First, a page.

Dexter Community Schools

Young 5-Second Grade Curriculum

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Kindergarten Curriculum Overview

Kindergarten Curriculum Overview

Language arts students will:

  • experience a variety of literature
  • listen to and interact with music, chants, poems, songs
  • learn letters and sounds
  • retell stories
  • develop reading, writing, speaking, listening, and viewing skills
  • clearly communicate ideas

Mathematics students will:

  • identify numerals 0-9
  • count using one to one correspondence
  • collect, sort, record, and compare data
  • recognize and describe shapes
  • understand concepts of more or less and equal
  • construct, extend, and predict patterns
  • explore addition and subtraction
  • measure using nonstandard units

Science students will:

  • explore and observe physical properties
  • observe concept of living and nonliving characteristics
  • recognize that some material sink or float, observe seasonal changes
  • explore their senses

Social Studies students will:

  • understand the need for rules
  • create simple maps and drawings
  • develop an understanding of conservation
  • use the calendar as an informational tool
  • be school community helpers
  • use life skills
  • practice conflict and resolution skills

First Grade Curriculum Overview

First Grade Curriculum Overview

Language Arts students will:

  • read a variety of fiction and nonfiction text using trade books, anthologies, and poetry selections
  • retell stories identifying characters and main events
  • identify story elements
  • use basic phonics skills
  • write to communicate an idea
  • develop reading, writing, speaking, listening, and viewing skills

Mathematics students will:

  • construct, extend, and predict simple patterns
  • read, write, compare, and order numbers up to 100
  • solve problems using pictures, spoken, and/or written language
  • know basic addition and subtraction facts to 10
  • organize and interpret simple data
  • compare 2 and 3 dimensional shapes
  • use nonstandard units and simple measurement tools for length, volume, and weight of objects
  • apply math skills to real life situations

Science students will:

  • explore animal classifications and heredity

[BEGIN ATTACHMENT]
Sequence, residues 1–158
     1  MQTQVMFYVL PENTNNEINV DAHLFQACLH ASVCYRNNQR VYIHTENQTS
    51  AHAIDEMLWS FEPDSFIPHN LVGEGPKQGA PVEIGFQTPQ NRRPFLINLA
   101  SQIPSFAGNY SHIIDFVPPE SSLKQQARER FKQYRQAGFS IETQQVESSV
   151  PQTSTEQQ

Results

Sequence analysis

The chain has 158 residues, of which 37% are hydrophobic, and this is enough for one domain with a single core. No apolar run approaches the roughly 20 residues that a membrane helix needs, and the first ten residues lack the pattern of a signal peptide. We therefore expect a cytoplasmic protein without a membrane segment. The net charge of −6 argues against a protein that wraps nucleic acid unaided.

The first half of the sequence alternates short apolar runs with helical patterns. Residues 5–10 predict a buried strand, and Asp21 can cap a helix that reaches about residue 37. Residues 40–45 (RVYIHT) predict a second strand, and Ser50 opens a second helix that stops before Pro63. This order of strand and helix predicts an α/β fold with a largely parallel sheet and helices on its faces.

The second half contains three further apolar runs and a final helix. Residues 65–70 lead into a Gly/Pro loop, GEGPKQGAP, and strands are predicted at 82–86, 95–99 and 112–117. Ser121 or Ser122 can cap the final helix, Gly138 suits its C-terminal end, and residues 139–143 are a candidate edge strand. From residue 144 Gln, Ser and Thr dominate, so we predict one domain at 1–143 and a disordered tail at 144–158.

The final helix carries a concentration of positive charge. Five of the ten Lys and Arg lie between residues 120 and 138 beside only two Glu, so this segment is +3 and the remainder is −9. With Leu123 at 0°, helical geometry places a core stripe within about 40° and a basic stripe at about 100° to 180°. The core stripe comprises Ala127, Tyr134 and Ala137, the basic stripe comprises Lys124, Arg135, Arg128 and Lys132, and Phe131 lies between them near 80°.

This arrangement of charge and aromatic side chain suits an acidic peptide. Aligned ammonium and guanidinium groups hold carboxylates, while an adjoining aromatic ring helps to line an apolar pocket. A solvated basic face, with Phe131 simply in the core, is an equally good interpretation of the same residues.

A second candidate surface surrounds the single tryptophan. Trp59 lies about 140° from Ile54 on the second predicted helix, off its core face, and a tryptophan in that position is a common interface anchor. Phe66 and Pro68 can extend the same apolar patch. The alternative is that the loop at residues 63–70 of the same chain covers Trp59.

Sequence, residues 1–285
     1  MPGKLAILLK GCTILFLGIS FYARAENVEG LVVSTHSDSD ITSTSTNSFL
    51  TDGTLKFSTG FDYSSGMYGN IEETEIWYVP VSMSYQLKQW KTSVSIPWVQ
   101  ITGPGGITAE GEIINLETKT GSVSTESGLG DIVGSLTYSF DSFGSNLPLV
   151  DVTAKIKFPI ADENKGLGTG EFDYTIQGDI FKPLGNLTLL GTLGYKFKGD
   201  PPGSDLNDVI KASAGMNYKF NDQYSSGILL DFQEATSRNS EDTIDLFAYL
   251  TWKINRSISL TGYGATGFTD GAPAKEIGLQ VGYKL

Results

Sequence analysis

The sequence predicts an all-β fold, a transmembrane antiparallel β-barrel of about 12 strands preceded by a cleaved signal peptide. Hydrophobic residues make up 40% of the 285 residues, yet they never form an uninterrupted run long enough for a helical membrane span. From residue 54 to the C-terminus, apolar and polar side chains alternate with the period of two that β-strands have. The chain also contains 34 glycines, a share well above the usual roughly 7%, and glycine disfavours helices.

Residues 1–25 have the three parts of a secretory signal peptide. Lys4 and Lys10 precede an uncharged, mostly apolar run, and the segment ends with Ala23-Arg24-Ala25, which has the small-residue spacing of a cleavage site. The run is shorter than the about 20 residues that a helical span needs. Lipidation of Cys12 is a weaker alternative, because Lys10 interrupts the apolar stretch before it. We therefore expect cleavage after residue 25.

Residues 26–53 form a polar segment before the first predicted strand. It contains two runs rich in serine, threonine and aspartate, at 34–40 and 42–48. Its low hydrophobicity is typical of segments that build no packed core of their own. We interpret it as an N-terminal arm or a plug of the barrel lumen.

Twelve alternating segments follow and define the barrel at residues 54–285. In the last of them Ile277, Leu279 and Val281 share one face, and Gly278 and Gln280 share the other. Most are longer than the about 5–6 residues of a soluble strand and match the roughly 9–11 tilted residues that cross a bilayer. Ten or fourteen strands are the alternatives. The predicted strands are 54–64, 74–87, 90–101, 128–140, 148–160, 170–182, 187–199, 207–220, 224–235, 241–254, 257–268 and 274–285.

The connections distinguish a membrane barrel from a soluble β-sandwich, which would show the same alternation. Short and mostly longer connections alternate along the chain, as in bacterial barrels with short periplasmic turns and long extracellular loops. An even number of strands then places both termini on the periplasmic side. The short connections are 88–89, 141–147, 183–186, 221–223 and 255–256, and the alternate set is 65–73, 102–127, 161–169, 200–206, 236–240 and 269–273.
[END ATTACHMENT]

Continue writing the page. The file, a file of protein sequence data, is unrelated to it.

• observe and classify physical properties
  • learn about the states of matter
  • explore the concepts of weather and climate

Social Studies students will:

  • explore the concept of families and their needs
  • learn about family traditions
  • study the role of community helpers
  • understand the need for rules and how to resolve conflict
  • use basic map reading skills to interpret maps
  • examine current issues in the classroom and the school

Second Grade Curriculum Overview

Second Grade Curriculum Overview

Language Arts students will:

  • develop skills for understanding a variety of fiction and nonfiction text using trade books, anthologies and poetry
  • identify story elements
  • use reference and resource materials
  • write to communicate an idea
  • develop reading, writing, speaking, listening, and viewing skills

Mathematics students will:

  • learn basic addition and subtraction facts
  • combine and separate numbers
  • identify coin values
  • tell time to hour and half hour
  • develop a beginning understanding of geometry and fractions
  • develop problem solving strategies
  • investigate measurement relationships
  • apply math skills to real life situations

Science students will:

  • participate in experiments and activities in the life science concepts of plants and animals
  • the physical science concepts of magnets and sound
  • the earth science concept of weather

Social Studies students will:

  • understand the need for rules
  • explore Dexter’s history and local community
  • use problem-solving and decision-making skills for a local service project
  • learn basic geographic terms
  • create simple maps and drawings

English and Language Arts

“If we do things right, if we surround children with the finest literature and handle those children and that literature with care, we will be making lasting impressions. We will be doing our part to make lifelong readers and writers.” --Shelly Harwayne